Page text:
AFT Randi Weingarten has drafted a letter to Secretary of Education Arne Duncan regarding the many shortcomings of the Administration's proposed college rating system. AFT is also asking its higher ed members to send comments to Washington before February 17th.
The proposed college rating system is based primarily on graduation rates, and is largely punitive as institutions with low scores may eventually see cuts in the Pell Grant funding. The proposed system has the potential of harming many institutions, especially those that serve large numbers of low income, minority students. For U of M institutions, the rating system will experience that largest negative impact are the Flint and Dearborn campuses, where graduation rates are much lower, 37% and 52% respectively than Ann Arbor where the approximate rate is 91%. Using graduation rates is highly problematic because it does not consider the variety of factors, such as average student GPAs and ACT scores, that that are used for university acceptance, which surely have an impact on graduation rates.
The U.S. House of Representatives voted along party lines on Thursday to raise the full-time employment threshold in the Affordable Care Act (ACA) from 30 to 40 hours a week. The Republican majority in the Senate is expected to support the legislation, but it faces a certain veto from President Obama. If made law, the 40-hour rule could impact college faculty across the country, perhaps including UM lecturers with a 75% appointment who enjoy health-care benefit eligibilty under the current law.
AFT President Randi Weingarten issued a statement opposing the bill:
“Contingent workers, including college and university adjunct faculty, make up an increasing share of the workforce. If the threshold for coverage is raised from 30 to 40 hours, many of these contingent workers will lose a hard-fought opportunity for employer health coverage. This is wrong and unfair. Rather than embracing the spirit of the ACA to help expand healthcare for all working families, this unwarranted change would subvert the law’s intent to cover more Americans and would close off a much-needed health insurance option.”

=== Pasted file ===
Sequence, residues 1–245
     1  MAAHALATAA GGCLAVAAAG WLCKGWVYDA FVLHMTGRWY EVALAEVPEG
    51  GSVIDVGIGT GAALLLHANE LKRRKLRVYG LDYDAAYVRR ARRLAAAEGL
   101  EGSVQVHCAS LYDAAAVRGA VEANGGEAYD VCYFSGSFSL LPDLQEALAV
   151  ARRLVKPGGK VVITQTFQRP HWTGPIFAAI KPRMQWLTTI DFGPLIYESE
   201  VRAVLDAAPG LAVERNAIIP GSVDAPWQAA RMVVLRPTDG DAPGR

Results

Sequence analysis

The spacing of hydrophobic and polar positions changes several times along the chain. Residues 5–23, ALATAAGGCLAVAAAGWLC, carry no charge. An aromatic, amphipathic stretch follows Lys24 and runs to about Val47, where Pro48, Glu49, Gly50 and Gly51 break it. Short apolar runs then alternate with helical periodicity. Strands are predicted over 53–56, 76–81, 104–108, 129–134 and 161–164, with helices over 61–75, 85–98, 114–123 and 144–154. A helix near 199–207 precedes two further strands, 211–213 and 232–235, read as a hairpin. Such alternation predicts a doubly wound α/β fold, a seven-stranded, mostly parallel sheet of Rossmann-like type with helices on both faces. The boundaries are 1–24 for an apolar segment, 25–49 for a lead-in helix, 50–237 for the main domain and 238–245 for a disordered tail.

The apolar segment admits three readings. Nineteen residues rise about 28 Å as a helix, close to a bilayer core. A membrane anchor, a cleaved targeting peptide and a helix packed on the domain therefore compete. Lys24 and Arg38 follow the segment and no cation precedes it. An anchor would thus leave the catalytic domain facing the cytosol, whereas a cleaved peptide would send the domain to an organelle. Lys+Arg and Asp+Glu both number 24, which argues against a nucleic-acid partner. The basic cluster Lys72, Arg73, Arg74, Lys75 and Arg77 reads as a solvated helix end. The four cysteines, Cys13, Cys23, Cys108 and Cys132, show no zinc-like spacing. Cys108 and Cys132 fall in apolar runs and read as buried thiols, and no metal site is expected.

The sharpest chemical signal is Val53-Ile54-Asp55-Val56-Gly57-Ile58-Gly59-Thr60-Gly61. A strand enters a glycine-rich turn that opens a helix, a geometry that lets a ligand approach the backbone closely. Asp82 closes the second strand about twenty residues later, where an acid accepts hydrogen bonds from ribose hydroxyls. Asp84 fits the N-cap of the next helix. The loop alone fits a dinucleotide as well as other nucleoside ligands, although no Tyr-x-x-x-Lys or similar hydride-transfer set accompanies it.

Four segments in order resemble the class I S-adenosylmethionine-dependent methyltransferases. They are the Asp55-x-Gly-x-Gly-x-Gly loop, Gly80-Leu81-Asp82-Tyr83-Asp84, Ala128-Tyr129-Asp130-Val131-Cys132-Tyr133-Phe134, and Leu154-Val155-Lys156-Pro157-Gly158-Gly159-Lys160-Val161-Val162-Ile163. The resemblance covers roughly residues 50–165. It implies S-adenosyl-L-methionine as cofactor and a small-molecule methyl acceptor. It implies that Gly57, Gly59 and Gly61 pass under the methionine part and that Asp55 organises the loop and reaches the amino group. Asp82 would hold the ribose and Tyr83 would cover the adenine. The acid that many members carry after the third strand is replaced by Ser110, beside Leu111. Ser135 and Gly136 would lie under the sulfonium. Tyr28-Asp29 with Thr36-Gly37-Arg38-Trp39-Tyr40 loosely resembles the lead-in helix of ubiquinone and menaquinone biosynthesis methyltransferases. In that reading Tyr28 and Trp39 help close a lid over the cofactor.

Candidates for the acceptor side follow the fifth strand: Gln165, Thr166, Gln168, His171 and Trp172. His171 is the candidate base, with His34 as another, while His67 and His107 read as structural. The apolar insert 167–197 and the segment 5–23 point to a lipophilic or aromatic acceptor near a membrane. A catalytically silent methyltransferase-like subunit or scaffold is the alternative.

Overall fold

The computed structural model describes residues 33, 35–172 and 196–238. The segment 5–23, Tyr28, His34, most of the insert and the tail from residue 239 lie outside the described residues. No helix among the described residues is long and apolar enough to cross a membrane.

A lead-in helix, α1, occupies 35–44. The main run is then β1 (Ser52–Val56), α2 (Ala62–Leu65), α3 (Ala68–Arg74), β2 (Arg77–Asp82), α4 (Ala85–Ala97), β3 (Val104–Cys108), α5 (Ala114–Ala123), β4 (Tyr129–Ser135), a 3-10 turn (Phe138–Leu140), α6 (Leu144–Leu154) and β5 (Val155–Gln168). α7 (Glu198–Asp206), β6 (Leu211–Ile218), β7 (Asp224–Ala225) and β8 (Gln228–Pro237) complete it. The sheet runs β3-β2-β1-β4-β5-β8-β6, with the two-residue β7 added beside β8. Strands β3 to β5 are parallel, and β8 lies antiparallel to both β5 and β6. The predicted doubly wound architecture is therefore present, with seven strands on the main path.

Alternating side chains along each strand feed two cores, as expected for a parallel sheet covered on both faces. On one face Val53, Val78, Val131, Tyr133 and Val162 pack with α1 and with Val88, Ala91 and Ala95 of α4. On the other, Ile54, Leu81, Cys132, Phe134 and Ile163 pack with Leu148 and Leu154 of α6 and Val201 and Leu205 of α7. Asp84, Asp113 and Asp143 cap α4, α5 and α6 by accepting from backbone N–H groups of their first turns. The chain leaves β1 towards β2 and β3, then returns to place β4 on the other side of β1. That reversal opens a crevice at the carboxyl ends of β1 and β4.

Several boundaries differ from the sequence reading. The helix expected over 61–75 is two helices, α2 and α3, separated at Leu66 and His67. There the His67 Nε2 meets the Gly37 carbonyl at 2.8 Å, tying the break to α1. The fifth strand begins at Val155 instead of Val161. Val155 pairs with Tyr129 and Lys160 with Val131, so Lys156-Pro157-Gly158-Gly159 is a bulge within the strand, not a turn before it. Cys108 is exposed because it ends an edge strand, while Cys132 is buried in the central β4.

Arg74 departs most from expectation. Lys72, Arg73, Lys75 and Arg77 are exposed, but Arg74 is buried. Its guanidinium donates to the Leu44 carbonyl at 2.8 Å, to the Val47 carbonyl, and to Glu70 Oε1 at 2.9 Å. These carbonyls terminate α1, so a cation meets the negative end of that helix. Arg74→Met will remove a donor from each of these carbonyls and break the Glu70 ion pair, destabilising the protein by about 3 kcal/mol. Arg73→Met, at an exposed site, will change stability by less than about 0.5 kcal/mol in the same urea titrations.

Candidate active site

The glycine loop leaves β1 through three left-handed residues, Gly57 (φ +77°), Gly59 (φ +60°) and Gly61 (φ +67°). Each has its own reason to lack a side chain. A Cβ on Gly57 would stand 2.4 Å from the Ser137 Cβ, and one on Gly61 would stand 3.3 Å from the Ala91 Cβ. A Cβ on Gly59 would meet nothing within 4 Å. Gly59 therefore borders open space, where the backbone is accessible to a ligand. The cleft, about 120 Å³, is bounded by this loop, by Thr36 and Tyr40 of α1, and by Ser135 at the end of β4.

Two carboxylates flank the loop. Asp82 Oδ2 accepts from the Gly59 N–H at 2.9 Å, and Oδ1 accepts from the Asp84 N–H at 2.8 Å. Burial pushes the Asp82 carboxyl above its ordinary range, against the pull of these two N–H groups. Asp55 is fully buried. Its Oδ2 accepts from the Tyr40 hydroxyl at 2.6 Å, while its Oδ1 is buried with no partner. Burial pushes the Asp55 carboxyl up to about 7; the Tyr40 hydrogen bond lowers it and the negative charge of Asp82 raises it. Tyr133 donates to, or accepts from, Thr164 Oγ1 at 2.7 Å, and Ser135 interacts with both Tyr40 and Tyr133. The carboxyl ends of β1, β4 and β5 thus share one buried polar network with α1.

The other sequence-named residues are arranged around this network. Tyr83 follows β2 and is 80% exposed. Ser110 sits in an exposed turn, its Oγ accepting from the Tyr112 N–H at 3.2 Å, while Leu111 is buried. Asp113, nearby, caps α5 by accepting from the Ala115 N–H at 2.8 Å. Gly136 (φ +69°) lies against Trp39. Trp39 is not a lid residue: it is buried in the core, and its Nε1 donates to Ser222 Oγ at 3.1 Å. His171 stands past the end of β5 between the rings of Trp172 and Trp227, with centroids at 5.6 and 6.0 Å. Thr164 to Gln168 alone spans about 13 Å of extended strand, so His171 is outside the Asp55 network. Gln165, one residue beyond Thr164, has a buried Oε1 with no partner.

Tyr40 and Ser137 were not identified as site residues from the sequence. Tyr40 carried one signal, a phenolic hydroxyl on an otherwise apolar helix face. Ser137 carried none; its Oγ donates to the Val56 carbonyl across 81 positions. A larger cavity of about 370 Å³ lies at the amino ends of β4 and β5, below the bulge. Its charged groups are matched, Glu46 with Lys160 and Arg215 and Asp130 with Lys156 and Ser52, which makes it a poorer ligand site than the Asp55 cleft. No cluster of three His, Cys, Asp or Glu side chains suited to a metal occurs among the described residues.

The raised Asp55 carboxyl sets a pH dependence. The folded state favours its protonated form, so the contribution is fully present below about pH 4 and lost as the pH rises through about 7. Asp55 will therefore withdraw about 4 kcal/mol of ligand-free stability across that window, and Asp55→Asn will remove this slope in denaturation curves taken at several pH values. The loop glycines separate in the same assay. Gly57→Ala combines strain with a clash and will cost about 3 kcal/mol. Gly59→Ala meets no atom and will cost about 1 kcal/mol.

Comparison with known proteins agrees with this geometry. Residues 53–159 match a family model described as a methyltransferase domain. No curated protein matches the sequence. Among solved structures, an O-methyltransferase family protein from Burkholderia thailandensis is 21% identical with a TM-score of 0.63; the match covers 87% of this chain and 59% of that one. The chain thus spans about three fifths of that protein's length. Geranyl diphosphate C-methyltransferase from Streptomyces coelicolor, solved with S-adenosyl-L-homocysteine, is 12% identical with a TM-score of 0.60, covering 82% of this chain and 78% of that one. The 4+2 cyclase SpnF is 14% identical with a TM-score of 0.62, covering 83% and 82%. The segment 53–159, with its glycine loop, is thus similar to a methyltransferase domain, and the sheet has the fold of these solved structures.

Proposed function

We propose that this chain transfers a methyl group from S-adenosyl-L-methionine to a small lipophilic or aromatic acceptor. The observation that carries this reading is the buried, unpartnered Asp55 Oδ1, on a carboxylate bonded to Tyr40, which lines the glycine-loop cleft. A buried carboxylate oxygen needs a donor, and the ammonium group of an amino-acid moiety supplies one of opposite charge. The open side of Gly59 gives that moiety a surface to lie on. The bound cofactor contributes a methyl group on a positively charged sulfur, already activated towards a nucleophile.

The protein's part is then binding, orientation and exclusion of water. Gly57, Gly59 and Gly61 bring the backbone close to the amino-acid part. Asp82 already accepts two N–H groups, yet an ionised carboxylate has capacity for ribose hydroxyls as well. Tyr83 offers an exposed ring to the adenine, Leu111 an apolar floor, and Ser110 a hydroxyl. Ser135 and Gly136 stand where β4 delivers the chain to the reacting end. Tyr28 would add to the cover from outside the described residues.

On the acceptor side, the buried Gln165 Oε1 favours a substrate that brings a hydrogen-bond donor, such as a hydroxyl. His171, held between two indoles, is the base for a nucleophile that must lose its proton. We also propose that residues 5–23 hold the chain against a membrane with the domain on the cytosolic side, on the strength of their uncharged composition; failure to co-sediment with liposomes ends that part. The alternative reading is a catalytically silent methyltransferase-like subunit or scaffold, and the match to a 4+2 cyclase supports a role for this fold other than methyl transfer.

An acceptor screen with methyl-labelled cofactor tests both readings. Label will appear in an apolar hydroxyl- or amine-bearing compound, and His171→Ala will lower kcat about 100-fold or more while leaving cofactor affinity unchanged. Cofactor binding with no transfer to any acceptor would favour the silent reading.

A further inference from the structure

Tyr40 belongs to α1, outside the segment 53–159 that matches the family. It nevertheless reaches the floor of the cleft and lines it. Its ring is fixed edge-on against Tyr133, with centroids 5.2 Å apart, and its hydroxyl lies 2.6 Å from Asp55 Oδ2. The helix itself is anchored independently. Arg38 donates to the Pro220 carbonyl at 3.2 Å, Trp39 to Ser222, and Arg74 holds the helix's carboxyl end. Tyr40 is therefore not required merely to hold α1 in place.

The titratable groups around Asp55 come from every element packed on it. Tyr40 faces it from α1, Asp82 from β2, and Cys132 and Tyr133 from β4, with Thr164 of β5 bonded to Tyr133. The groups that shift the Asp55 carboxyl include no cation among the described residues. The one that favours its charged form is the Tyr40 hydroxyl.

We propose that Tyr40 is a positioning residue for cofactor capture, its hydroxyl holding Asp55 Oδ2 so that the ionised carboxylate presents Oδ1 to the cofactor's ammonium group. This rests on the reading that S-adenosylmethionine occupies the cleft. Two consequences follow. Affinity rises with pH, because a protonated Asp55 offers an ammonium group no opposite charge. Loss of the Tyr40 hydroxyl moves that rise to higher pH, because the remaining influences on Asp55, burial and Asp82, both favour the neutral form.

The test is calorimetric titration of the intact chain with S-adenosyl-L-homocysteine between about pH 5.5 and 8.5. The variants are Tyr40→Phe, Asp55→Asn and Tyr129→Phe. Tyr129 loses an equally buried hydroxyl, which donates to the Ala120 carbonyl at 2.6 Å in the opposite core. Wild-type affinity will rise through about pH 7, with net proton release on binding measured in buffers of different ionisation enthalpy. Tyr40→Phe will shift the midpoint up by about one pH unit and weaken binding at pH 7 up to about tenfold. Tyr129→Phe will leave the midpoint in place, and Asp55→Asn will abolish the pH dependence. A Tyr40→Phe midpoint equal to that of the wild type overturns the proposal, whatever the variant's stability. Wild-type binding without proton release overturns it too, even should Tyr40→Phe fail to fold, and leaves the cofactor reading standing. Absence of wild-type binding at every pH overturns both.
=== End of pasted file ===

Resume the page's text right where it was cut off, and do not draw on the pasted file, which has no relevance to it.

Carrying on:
From The Nation (Michelle Chen):
On their campus set amid the idyllic northwestern woodlands, graduate students at the University of Oregon stepped out of their classrooms and onto a historic picket line last week. The union, representing some 1,500 graduate teaching fellows, went on an eight-day strike and emerged Wednesday with a final deal, embattled but triumphant.
LEO members from all three campuses gathered in Ann Arbor on October 25 for the union's annual convention.
A budget for 2015 was discussed and approved, as was a constitutional amendment.
Members identified issues of concern to be addressed in the next three years, leading into the next contract negotiations, and agreed on priorities.
AFT Michigan President David Hecker addressed to the convention, urging continued activism in the 2014 state election campaign. Following lunch, a dozen members joined with Hecker to canvas labor-sympathetic voters in Ann Arbor, promoting a strong turn-out at the polls on November 4.
LEO members can view detailed convention notes by logging into the Members Only page.
Paul Fain in Inside Higher Ed:
Critics of for-profit colleges were disappointed by the final “gainful employment” regulations. They said the Obama administration caved to industry pressure and put out a watered-down, inadequate set of rules.
The U.S. Department of Education calls that narrative “misleading.” The department said the regulations are strong, legally sound and will protect students from underperforming academic programs.
At LEO Annual Convention on October 25, members voted to adopt a proposed amendment to the LEO constitution that designates the union's election day as the last working day of September in even numbered years.